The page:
“She’s a fool,” said Captain Winstanley, with his teeth set, and that dark look of his which meant harm to somebody. “I’ll talk to her.”

“My dear Winstanley, understand I’ll have no coercion. If I win her, I must do it off my own bat. Dearly as I love her, if you were to bring her to me conquered and submissive, like Iphigenia at the altar, I would not have her. I love her much too well to ask any sacrifice of inclination from her. I love her too well to accept anything less than her free unfettered heart. She cannot give me that, and I must go. I had much rather you should say nothing about me, either to her or her mother.”

“But I shall say a great deal to both,” exclaimed the Captain, desperately angry. “I am indignant. I am outraged by her conduct. What in Heaven’s name does this wilful girl want in a husband? You have youth, good looks, good temper, talent, tastes that harmonise with her own. You can give her a finer position than she has any right to expect. And she refuses you. She is a spoiled child, who doesn’t know her own mind or her own advantage. She has a diabolical temper, and is as wild as a hawk. Egad, I congratulate you on your escape, Mallow. She was not born to make any man happy.”

“Small thanks for your congratulations,” retorted the Irishman. “She might have made me happy if she had chosen. I would have forgiven her tempers, and loved her for her wildness. She is the sweetest woman I ever knew; as fresh and fair as your furzy hill-tops. But she is not for me. Fate never meant me to be so blessed.”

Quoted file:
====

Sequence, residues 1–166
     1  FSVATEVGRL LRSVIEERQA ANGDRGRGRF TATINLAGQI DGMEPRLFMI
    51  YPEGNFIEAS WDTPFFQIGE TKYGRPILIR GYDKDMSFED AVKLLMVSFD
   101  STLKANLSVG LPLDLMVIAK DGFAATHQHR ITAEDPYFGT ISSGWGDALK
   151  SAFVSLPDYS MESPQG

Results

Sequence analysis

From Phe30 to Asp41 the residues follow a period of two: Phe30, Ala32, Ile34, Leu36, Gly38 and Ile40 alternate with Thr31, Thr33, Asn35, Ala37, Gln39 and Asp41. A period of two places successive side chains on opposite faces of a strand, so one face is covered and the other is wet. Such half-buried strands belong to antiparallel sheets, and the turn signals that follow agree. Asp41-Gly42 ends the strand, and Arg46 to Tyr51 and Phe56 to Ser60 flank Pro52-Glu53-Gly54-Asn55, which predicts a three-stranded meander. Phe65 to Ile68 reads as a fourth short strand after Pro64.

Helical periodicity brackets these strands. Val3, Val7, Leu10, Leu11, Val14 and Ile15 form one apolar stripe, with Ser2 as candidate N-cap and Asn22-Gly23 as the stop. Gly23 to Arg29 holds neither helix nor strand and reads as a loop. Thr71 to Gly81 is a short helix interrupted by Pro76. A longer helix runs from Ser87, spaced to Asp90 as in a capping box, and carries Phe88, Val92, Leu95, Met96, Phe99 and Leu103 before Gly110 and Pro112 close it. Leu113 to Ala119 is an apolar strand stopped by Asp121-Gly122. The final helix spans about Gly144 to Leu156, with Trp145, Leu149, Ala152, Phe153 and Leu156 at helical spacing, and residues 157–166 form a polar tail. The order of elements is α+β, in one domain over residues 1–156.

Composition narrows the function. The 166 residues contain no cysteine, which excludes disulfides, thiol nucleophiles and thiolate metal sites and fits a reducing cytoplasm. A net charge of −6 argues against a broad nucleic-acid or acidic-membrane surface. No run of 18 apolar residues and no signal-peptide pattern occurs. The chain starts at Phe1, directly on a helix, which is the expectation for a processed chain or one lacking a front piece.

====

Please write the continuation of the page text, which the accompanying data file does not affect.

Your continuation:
“She will change her mind before she is many months older,” said Captain Winstanley. “Her father and mother have spoilt her. She is a creature of whims and fancies, and must be ridden on the curb.”

“I would ride her with the lightest snaffle-bit that ever was made,” protested Lord Mallow. “But there’s no use in talking about it. You won’t think me discourteous or ungrateful if I clear out of this to-morrow morning, will you, Winstanley?”

“Certainly not,” answered his host; “but I shall think you a confounded ass. Why not wait and try your luck again?”